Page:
Several recent studies, including one by eMarketer, say that $670 million will be invested in mobile marketing this year by American companies. Growth is anticipated to reach $3.3 billion by 2014. read more
For the full article featured in the Sept. 1, 2009 article on PRWeb, please click here.
The number of text coupons being sent on behalf of business services and products is increasing daily.
More and more, Americans are signing up to receive coupons through e-mails and text messages. According to research, about 8% of US households get coupons through email or text, with users tending to be young, affluent, educated and female.
Text message coupons are typically sent only to consumers who have signed up (opted-in) to receive them. This increases the relevancy of the offer and the potential for the consumer to act on that offer. Not only are these types of coupons convenient, they are environmentally friendly because no paper is used!
A recent poll conducted by AdweekMedia/Harris Poll found that consumers are for the most part influenced by “somewhat interesting” advertisements.
Consumers were asked to say how influential ads they had seen or heard had been when they made their most recent big purchase. 6% said the ads were ‘very influential” and another 29% said they were “somewhat influential” Twenty nine percent said the ads were “not that influential” Twenty five percent said they were “not at all influential” with the rest saying the question didn’t apply to them or declining to choose.
The polls 18-34 year olds were the most likely to report that ads were at least somewhat influential in guiding their most recent big purchase, with 45% saying so vs. 37 % of the 35 – 44 year olds, 28% of the 45-54 year olds and 29% of 55 plus. All this would suggest that young adults are still comparatively impressionable while elders remain more resistant.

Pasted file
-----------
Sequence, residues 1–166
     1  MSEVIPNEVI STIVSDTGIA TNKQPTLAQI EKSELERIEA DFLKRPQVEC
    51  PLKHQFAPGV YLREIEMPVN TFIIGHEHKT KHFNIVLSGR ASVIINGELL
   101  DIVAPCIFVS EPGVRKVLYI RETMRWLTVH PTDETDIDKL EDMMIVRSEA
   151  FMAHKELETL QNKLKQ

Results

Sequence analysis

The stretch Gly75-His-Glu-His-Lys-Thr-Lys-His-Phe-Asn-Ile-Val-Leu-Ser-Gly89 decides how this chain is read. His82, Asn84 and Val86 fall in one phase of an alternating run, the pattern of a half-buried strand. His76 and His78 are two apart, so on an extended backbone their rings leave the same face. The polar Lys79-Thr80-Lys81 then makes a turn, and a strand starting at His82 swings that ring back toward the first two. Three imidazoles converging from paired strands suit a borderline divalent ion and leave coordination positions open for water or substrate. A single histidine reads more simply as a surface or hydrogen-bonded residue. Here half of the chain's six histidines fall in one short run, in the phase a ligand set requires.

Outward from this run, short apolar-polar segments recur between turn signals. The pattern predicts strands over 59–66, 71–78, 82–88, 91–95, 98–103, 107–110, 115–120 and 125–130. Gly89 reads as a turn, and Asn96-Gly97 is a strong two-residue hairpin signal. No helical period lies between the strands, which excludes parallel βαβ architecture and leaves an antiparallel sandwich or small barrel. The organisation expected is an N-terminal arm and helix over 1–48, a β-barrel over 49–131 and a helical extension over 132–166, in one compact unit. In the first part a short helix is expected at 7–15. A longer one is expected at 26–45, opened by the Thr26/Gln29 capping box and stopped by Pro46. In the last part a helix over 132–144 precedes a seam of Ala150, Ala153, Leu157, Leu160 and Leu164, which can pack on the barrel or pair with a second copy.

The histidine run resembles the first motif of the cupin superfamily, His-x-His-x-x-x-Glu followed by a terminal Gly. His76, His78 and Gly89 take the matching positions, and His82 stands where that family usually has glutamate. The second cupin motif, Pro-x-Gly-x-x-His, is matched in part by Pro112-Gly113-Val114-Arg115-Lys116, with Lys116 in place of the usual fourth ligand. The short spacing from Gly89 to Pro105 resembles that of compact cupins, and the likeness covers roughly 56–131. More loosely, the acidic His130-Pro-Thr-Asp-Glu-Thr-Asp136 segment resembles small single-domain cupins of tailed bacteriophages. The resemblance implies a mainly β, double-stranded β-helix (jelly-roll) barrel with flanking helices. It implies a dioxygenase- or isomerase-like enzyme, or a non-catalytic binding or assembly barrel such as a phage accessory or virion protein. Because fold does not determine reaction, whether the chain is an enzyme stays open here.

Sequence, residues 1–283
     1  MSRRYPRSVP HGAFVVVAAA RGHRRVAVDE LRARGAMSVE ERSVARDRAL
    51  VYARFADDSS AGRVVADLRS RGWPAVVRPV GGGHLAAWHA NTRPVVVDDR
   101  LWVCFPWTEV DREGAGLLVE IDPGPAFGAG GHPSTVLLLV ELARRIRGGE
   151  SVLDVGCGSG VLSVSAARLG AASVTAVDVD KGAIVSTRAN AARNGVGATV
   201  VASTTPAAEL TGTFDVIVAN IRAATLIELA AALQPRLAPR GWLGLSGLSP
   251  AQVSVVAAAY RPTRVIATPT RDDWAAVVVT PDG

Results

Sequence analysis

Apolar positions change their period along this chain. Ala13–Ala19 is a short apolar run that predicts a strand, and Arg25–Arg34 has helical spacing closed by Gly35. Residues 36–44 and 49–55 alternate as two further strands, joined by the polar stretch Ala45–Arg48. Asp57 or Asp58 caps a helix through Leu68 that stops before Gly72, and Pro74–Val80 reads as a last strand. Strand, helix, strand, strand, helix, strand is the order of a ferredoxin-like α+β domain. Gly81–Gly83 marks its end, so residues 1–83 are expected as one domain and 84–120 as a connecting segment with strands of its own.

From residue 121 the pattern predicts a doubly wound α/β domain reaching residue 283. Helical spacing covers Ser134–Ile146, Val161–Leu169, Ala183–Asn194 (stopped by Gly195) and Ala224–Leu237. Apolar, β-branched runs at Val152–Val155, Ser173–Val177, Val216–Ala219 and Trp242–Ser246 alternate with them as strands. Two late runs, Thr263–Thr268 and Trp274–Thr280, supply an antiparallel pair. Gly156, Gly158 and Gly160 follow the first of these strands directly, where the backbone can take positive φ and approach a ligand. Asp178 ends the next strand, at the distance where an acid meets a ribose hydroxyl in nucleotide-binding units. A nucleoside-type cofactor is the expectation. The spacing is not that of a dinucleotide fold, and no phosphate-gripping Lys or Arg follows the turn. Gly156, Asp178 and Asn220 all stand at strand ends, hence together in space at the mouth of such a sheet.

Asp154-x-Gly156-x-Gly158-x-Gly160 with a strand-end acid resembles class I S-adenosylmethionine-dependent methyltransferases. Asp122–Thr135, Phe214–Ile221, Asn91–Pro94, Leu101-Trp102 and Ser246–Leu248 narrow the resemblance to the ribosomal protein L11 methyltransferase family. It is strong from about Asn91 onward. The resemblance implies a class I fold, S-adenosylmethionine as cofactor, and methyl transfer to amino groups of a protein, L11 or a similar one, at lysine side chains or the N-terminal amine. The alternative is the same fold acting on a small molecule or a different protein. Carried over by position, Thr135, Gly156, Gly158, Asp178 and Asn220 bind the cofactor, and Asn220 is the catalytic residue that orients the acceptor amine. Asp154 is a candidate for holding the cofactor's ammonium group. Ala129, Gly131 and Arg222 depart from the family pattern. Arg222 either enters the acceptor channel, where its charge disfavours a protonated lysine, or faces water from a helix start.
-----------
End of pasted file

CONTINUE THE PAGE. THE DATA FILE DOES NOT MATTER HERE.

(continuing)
The same group was then asked if they considered recent ads interesting. A majority said they find it either “very interesting (8%) or “somewhat interesting” (47%). Just 13% said it’s “not at all interesting”. The polls 18 – 34 year olds were the most likely to find ads at least somewhat interesting (66 percent); while the 55 and olders were the least likely (46%).
In an age of ever faster communications, fewer people have time for voice mail.
More than 30 percent of voice mail messages remain unheard for three days or longer, according to uReach Technologies. More than 20% of people with messages in their mailboxes rarely check them.
Traditional voice mail it seems has become less acceptable because everything around it has changed. We are conditioned for instant forms of communication.
A survey done for Sprint by Opinion Research Corporation found that with the exception of people age 65 and over, adults respond more quickly to a text message than to a voice message. Those under 30 are four times more likely to respond within minutes to a text message than a voice mail. Adults 30 and older are twice as likely to respond within minutes to a text message than to a voice mail.
For those who can’t be bothered to listen to VM messages at all, a number of companies now offer voice-to-text transcription. The best known is Google, which at the end of June began a rollout of Google Voice, a service that offers voice mail transcriptions free of charge.
The average person checks their voicemail six to eight hours after it was left.
According to StatCounter data, Google controlled 96.2% of the market in the first half of the year.
This is likely to change soon since Microsoft and its BING search engine announced a deal with Verizon earlier this year to become the default search provider on Verizon phones.